While the overarching goal according to the plotline is revitalization of the local town, the more immediate objective is leveling up your party members so they’re able to face Lapis x Labyrinth’s increasingly potent inventory of monsters. Fortunately, the gameplay loop is alluring, thanks to the intensity of combat. While you’ll have to do a bit of grinding, it’s rarely tedious thanks to variety across the game’s eighty missions.
What is slightly concerning is the lack of guidance. You’ll see screens of characters stats and enhancements but it’s not clear how those can be elevated until you open a dojo. And while you’re encouraged to cultivate a roster of more than four characters, the incentive behind the push isn’t obvious. Sure, you’ll have party members that have defensive affinity bonuses, but you can also brute force your way past these practices. While some will take issue with the inability to cancel attacks, I suspect many will be able to adapt to being locked into short animations.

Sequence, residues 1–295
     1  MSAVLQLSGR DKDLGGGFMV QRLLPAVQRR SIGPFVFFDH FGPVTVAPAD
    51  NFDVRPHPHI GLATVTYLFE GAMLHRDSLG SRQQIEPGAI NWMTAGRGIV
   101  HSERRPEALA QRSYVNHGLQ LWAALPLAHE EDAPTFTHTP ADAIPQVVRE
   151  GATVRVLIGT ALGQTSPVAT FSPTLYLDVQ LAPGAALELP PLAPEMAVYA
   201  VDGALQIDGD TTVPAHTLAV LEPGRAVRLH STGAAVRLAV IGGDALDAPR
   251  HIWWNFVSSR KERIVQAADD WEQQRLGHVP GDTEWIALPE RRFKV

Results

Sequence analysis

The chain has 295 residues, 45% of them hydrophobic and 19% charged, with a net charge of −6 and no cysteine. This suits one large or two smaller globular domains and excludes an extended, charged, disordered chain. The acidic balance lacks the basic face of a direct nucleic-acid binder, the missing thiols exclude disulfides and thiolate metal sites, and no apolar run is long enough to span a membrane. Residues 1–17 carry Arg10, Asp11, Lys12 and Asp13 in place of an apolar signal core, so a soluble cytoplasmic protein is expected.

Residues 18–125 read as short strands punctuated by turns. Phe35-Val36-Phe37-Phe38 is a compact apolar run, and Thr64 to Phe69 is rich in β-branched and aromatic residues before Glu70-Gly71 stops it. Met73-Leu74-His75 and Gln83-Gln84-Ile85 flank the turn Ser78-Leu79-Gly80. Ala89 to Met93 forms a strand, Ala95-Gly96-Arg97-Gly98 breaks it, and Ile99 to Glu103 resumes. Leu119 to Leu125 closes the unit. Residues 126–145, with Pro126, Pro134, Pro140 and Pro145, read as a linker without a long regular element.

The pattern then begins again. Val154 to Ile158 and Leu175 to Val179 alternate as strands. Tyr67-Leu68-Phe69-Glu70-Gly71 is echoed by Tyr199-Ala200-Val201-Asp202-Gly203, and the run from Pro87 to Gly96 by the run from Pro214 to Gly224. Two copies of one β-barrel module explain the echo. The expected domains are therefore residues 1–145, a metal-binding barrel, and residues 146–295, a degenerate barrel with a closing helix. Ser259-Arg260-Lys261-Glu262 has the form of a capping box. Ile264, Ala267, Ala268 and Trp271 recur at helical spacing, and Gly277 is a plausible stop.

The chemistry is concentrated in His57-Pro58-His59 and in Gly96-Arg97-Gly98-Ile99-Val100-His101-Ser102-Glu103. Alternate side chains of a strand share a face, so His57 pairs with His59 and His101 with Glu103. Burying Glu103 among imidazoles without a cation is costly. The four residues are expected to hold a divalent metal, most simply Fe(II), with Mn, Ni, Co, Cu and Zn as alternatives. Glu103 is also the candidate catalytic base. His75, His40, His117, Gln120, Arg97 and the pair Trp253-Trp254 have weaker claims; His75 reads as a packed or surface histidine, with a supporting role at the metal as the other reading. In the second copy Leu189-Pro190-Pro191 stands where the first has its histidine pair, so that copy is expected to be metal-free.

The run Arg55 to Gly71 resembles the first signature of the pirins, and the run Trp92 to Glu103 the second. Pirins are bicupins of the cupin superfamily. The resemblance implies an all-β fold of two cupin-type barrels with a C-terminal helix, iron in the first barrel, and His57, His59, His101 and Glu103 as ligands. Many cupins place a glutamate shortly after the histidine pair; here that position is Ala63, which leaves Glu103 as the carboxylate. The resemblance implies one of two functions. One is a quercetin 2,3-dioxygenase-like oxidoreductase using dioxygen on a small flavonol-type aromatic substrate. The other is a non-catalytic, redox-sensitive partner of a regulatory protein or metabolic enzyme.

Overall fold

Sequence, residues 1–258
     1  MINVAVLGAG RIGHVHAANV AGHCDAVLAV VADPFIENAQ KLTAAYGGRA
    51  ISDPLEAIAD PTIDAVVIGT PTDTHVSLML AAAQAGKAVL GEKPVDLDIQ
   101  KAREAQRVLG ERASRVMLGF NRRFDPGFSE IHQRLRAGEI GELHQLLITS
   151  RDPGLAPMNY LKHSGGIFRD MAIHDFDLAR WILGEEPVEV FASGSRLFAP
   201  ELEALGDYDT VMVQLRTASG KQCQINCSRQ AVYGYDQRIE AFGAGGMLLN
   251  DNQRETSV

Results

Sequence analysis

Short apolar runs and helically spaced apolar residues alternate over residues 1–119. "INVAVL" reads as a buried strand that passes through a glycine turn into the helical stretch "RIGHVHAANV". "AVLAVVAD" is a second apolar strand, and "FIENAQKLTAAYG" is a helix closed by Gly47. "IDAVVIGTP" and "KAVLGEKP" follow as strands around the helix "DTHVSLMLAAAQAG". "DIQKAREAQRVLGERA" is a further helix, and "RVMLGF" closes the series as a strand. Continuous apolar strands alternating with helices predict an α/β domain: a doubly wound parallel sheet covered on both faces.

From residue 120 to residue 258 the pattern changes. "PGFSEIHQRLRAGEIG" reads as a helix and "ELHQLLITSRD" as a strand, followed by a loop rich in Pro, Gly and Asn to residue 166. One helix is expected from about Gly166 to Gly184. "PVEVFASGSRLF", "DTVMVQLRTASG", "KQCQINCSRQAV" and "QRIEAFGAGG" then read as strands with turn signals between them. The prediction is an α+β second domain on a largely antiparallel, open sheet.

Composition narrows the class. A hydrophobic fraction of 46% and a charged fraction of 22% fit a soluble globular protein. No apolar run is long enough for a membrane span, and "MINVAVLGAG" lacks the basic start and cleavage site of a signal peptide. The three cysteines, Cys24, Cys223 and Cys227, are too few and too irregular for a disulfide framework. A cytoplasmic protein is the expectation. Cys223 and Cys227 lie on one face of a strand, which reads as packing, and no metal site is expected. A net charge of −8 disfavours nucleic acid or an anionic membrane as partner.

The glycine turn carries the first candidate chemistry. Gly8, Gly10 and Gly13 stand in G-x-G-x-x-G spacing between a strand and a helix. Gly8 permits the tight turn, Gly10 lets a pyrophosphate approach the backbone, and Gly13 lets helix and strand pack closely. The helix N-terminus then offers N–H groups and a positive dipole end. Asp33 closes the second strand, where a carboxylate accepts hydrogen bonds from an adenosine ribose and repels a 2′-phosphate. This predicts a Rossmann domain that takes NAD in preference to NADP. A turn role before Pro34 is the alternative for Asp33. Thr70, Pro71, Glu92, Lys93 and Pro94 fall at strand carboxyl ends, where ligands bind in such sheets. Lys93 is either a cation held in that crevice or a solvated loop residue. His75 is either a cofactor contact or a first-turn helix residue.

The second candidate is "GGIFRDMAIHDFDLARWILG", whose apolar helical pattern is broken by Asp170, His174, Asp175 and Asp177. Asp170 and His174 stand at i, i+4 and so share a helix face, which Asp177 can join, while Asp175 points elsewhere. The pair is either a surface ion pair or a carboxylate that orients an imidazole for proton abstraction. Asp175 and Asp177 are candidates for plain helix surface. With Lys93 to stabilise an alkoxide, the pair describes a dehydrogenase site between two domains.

Aesthetically, Lapis x Labyrinth is astonishing, with lush visuals that can swiftly drain your Switch’s battery. Dungeons are drawn is a gorgeous painterly style, while diminutive characters flaunting personality. Of course, when environmental blocks are pulsating, gems are raining down, and monsters abound, it can be difficult to notice the details. Performance-wise, there’s the occasional instance of slow-down when hundreds of sprites are on-screen, but it’s infrequent enough to not be an issue. Musically, the game soundtrack draws from a multitude of global influences. Just make sure to turn down character voices so you can fully enjoy it.
Mixing chaotic Super Smash Bros.-style combat with an expansive campaign (and even post-game stages), along with dazzling visuals, Lapis x Labyrinth is a rousing success. With minimal storyline and play suited for five-minute bursts, it feels perfect for short pick-up-and-play sessions on the Switch. And given life’s numerous stressors, who doesn’t need some therapeutic button-mashing these days?
Lapis x Labyrinth was played on Switch with review code provided by the publisher